In 2005, a study published in Current Drug Metabolism identified L-arginine as being able to block asymmetric dimethylarginine (ADMA), an inhibitor of nitric oxide (NO) synthesis1. When the body releases ADMA, a high level of homocysteine (non-protein amino acid) occurs. Both ADMA and homocysteine are independent risk factors for the development of cardiovascular diseases.
Another study, also published in 2005, examined the use of L-arginine in patients with acute myocardial infarction2. The study involved 792 participants who either received an oral placebo or L-arginine for 30 days. This was the first study of its kind and the preliminary results show that L-arginine may be very beneficial in reducing cases of acute myocardial infarction.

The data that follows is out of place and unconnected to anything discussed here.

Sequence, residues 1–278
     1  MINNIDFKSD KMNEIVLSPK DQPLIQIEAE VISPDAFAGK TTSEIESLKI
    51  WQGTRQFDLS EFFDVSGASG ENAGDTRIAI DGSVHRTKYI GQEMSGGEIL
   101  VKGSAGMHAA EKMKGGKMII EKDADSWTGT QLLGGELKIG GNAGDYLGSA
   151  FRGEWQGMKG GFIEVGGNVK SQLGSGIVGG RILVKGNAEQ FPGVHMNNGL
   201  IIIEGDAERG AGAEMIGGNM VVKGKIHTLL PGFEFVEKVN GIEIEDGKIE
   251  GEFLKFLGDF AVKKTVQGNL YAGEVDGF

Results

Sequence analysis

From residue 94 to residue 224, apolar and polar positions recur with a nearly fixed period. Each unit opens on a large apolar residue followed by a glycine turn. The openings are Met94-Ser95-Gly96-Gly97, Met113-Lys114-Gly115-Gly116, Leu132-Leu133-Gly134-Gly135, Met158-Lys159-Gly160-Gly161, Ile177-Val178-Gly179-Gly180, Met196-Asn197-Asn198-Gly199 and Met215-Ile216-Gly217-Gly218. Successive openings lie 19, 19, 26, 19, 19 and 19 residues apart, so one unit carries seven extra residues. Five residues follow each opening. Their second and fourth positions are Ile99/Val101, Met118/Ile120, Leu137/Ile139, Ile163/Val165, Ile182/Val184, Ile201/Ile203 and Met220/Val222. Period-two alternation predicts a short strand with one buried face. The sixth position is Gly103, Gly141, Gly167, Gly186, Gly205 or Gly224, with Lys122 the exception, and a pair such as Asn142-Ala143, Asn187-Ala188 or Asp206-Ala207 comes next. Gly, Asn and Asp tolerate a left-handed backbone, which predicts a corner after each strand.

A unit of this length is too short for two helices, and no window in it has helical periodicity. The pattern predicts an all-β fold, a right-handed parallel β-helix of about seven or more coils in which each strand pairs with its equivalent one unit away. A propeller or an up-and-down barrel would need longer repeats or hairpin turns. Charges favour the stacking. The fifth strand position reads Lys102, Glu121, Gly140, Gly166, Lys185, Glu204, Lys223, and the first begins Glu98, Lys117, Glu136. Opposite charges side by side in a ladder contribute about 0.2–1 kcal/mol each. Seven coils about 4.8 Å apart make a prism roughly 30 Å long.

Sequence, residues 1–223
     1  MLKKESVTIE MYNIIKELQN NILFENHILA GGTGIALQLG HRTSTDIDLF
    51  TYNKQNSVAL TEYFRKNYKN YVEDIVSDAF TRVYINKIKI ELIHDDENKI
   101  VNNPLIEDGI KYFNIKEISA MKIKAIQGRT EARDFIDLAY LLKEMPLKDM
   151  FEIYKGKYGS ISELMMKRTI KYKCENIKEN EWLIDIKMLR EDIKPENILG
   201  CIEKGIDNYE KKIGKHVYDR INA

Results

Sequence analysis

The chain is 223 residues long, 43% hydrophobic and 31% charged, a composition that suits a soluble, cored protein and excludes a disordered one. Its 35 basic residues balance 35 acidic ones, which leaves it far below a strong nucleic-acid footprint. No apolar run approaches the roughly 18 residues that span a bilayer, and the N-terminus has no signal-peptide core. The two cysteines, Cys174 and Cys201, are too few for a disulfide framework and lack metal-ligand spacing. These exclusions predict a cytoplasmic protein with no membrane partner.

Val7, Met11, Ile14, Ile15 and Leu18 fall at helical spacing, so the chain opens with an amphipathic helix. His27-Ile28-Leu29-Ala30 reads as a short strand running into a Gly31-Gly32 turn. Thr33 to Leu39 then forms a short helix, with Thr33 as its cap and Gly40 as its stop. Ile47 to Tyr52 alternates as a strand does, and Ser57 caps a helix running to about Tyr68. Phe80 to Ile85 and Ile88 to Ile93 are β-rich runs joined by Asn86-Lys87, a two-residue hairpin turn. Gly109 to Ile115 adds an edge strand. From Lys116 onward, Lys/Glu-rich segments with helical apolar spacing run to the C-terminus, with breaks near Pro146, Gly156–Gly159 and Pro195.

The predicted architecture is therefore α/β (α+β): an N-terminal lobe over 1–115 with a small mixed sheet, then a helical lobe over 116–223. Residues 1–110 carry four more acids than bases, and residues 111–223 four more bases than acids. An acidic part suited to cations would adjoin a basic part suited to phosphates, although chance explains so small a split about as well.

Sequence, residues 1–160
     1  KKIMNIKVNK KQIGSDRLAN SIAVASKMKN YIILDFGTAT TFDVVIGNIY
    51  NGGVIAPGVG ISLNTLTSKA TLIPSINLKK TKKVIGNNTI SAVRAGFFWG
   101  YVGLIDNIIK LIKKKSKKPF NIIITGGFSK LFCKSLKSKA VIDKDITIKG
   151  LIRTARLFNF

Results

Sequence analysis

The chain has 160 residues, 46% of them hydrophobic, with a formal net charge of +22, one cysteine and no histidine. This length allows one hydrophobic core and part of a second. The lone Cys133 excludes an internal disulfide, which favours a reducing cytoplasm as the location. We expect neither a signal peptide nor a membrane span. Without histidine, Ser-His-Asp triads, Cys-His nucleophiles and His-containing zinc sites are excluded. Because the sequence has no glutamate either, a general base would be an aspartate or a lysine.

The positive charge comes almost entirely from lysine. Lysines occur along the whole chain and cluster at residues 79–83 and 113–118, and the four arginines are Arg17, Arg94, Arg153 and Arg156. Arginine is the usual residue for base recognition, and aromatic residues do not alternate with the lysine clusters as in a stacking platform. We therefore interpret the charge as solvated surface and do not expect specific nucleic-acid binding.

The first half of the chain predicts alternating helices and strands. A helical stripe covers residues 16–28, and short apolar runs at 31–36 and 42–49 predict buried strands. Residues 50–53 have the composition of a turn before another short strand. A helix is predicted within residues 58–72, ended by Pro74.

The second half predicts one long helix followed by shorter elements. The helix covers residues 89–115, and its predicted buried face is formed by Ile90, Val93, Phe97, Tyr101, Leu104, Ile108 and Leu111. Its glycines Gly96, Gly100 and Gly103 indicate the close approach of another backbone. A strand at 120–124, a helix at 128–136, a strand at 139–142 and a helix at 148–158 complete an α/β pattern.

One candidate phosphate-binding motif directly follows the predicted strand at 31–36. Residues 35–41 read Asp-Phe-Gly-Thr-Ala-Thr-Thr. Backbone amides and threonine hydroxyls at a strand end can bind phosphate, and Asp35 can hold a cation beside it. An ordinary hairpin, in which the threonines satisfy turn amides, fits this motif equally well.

Nutritionists recommend patients with cardiovascular disease, or at risk of developing cardiovascular disease, supplement their diet with L-arginine. Folic acid is also recommended as both compounds help to protect the heart. Folic acid lowers homocysteine, while L-arginine stimulates NO production to support optimal blood circulation and blood pressure. Healthy living and a balanced diet are also important. Treatment should be done in consultation a physician.
1Stühlinger & Stanger: Asymmetric dimethyl-L-arginine (ADMA): a possible link between homocyst (e) ine and endothelial dysfunction. Current Drug Metabolism, 2005, 6, 3-14.
2Bednarz B, et al.: Efficacy and safety of oral l-arginine in acute myocardial infarction. Results of multicenter, randomized, double-blind, placebo-controlled pilot trial ARAMI. Kardiol. Pol. 2005, 62, 421-26